Documentary cases – application forms

What is an Annulment?

An annulment (decree of nullity) is a declaration by the Church that a marriage is not considered binding for life. This does not mean that the parties are free of the continuing obligations of the union such as the welfare of children. An annulment does not deny that there was a wedding ceremony or erase the relationship that existed. Nor does it make any comment on any moral fault in the parties. Rather, a decree of nullity is a declaration by the Church that, at the time the couple attempted to exchange wedding vows, an essential element was lacking in the consent of at least one of them and thus the union which followed such a consent is not considered to be an obstacle to either party remarrying in the Catholic Church.

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What about the Children?

The status of children is never in question.

Church law states that the children of an annulled marriage are considered legitimate (canon 1137). An annulment affects only the marital status of the parties themselves and then only according to Church law.

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Are there any civil effects?

Civil Divorce and Ecclesiastical Annulment are not the same thing.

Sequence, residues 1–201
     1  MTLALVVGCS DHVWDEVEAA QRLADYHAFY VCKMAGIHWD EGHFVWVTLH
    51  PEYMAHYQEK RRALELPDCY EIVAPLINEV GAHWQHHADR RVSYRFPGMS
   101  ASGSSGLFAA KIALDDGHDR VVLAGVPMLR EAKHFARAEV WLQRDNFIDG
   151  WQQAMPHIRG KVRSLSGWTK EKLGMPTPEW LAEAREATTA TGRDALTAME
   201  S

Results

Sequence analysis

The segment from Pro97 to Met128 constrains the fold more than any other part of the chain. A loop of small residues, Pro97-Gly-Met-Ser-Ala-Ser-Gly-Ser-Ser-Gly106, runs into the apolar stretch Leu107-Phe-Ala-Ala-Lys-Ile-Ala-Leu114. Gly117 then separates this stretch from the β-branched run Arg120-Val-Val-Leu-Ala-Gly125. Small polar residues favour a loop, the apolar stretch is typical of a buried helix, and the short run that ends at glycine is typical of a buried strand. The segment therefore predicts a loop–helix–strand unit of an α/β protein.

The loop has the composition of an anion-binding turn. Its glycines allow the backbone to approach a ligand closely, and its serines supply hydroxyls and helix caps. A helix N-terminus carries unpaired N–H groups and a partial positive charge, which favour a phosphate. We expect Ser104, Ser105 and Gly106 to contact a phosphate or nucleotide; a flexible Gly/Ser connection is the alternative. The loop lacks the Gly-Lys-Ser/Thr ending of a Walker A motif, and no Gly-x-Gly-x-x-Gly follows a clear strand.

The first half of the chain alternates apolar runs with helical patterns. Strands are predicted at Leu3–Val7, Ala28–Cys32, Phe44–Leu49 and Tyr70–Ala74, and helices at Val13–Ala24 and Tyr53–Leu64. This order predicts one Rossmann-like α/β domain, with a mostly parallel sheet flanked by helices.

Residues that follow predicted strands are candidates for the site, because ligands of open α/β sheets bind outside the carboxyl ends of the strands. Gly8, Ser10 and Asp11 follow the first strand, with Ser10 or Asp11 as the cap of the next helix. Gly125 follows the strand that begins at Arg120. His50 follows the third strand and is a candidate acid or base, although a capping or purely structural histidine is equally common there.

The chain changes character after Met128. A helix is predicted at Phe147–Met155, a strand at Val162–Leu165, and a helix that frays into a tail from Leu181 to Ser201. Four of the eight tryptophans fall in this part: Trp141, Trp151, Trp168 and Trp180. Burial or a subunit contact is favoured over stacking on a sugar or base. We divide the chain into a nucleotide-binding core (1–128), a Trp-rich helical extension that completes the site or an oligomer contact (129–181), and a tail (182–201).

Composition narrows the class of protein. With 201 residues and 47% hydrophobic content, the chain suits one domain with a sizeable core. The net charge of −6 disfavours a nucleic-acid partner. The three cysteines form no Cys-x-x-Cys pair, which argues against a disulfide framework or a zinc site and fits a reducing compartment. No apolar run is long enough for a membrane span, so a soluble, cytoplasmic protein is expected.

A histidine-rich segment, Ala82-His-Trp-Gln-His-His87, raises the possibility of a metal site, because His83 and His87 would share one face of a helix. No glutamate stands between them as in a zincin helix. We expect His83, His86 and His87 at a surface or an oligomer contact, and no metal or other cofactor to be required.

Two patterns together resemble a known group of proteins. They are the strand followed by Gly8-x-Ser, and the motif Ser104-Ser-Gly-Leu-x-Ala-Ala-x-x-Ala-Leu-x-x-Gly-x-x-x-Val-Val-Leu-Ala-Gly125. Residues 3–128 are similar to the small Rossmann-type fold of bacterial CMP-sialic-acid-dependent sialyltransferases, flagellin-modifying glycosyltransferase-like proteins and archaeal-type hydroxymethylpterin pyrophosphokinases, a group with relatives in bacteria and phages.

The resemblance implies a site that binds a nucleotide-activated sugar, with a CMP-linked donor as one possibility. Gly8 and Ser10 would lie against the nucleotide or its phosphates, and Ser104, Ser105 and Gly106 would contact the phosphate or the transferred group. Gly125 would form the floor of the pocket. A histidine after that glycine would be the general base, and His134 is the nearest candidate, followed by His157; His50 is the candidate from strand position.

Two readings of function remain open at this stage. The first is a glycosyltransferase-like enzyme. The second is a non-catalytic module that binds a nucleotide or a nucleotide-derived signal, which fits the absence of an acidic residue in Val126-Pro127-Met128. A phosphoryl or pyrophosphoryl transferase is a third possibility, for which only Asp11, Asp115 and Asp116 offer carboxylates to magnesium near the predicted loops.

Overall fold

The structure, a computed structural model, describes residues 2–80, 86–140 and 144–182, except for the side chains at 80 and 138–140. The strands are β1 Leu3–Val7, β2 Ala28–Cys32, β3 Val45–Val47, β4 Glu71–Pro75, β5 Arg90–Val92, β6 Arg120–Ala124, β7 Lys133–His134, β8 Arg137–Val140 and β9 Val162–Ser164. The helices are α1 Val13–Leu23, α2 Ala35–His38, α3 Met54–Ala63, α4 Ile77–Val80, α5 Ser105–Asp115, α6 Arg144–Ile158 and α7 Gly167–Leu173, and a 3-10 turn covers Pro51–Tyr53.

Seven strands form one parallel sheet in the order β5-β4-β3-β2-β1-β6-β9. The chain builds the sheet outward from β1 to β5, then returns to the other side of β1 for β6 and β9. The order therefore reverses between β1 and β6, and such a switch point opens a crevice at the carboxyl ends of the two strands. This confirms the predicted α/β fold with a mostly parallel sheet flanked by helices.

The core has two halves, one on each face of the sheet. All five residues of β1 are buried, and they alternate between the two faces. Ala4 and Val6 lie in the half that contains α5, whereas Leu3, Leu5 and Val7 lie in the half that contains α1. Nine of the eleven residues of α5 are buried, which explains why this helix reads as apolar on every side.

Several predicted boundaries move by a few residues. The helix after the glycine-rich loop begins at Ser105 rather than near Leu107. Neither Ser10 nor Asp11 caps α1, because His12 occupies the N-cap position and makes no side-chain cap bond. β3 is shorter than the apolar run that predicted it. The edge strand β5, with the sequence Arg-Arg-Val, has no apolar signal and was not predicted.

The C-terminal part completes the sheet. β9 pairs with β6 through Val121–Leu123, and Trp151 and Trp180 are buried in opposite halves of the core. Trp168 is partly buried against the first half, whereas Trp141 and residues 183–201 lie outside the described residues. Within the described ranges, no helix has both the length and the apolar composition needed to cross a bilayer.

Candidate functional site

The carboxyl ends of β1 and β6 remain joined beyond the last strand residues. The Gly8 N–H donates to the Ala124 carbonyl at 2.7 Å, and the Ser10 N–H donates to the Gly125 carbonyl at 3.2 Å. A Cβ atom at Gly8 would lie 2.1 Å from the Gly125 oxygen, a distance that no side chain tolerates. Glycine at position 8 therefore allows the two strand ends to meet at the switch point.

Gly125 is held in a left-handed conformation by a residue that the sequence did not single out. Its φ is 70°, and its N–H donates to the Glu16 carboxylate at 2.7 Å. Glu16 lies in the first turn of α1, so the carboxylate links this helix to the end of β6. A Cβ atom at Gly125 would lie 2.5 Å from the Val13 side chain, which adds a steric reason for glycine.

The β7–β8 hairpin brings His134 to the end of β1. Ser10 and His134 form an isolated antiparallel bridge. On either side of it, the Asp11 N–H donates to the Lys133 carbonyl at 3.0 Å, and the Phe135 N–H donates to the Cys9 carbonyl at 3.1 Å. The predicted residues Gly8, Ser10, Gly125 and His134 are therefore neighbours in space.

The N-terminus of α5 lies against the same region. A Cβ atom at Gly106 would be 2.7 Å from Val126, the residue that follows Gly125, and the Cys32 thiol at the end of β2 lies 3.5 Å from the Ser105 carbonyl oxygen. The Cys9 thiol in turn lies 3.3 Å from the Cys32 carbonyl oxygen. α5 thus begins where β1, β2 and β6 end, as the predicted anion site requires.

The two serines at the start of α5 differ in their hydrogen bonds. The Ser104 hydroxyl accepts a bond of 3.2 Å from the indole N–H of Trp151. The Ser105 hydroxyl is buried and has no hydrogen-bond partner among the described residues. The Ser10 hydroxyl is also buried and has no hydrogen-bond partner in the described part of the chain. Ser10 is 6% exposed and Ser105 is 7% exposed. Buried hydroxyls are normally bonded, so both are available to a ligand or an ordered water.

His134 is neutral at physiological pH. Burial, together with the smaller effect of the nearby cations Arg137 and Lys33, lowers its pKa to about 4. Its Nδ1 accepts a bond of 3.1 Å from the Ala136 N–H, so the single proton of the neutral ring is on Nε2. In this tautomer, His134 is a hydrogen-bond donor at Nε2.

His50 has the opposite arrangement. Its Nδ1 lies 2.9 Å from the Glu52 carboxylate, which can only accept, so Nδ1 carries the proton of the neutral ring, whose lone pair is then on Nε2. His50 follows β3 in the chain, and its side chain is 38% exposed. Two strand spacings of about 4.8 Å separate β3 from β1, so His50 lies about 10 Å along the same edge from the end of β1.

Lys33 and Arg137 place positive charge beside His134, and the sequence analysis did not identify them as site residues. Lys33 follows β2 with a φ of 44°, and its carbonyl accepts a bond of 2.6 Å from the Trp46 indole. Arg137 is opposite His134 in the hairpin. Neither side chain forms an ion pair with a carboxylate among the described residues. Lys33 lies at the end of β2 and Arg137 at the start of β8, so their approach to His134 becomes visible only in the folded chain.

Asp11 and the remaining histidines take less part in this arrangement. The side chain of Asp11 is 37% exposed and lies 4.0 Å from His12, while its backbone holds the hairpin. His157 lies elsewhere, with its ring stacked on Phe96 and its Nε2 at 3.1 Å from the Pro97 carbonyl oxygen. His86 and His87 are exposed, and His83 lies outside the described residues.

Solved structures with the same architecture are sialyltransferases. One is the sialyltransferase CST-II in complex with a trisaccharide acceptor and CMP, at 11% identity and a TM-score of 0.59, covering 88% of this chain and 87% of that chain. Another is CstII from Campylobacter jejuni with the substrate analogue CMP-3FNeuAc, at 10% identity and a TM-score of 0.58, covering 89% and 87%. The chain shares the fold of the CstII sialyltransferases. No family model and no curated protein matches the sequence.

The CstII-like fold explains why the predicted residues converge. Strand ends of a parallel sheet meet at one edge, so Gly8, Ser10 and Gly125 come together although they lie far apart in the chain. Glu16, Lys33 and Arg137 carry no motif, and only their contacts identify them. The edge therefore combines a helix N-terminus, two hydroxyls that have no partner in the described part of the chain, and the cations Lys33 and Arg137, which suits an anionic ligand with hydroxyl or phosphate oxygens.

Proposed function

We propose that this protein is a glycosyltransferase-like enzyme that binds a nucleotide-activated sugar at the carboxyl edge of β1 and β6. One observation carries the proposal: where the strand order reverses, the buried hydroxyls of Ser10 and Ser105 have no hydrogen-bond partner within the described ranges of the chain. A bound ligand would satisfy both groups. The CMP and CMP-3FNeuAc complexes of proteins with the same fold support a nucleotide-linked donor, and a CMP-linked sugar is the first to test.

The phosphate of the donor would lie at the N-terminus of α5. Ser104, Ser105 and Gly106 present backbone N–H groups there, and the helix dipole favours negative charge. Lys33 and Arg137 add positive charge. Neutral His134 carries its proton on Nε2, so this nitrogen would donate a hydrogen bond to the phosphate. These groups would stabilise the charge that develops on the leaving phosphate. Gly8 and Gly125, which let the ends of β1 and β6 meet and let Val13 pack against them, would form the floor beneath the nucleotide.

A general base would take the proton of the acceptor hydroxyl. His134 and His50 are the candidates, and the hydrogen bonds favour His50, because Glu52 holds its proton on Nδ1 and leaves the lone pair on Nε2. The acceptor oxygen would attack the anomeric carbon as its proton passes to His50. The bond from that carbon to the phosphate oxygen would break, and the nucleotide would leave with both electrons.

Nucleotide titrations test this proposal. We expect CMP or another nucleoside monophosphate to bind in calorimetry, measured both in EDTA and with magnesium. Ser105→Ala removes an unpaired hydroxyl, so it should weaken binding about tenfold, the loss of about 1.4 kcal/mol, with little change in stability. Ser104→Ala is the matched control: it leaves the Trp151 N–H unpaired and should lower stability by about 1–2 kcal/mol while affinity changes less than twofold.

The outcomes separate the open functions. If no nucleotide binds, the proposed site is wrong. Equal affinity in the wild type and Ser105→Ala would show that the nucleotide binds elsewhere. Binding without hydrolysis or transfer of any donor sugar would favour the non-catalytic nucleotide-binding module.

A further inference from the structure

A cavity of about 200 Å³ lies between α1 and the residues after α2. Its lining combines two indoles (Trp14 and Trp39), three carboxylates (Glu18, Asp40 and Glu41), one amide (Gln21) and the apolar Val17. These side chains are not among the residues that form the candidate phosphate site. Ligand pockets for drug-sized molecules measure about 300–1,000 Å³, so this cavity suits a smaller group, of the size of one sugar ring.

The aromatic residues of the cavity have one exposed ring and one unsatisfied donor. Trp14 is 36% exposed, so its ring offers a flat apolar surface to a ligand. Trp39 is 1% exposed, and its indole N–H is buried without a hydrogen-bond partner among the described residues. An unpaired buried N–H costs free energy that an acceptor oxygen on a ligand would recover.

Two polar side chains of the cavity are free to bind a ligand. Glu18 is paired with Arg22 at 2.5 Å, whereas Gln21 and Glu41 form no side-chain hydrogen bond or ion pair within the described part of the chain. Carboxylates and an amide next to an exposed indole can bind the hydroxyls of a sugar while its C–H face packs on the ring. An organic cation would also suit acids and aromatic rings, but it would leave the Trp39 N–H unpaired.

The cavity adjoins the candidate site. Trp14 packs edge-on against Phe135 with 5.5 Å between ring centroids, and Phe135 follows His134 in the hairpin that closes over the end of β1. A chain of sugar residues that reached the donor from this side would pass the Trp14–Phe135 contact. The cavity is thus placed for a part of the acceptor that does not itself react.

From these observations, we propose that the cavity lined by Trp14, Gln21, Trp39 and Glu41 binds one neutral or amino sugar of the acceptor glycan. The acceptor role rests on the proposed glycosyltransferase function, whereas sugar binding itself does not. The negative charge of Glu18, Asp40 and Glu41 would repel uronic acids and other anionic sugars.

In Australia ecclesiastical annulments have no civil effects and a civil divorce decree must be obtained before any formal action to investigate a marriage may be taken at a Catholic Tribunal.

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Who may apply?

How to begin the process.

Any divorced Catholic has the right to ask for an investigation of a previous marriage by the appropriate Tribunal of the Church. Any non Catholic divorced person remarried to a Catholic, intending to become a Catholic or intending marriage to a Catholic has the same right. Only a party to the marriage, however, may apply.

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How do I start the process?

The Process continued:

An application is made by phoning the Tribunal offices (in Adelaide 82108225) for an initial interview. A letter of referral from a priest or pastoral worker can be a helpful introduction, but is not necessary.

Following this interview, a preliminary assessment is made, after which the applicant is advised whether the case is considered worth further investigation. If grounds are identified, the applicant is requested to present a comprehensive written submission, according to the guidelines provided by the Tribunal. If the case is accepted for hearing, there will be a further formal interview with the applicant.

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When will I be interviewed?

After you have presented your your application with the written statement of the courtship and marriage, the tribunal Staff will assess the case, establish the grounds and draw up the Petition.  Once this is complete you will be notified by letter and asked to make contact with the Tribunal for a formal interview.  This will happen within six to eight weeks of you submitting your application to the Tribunal Office.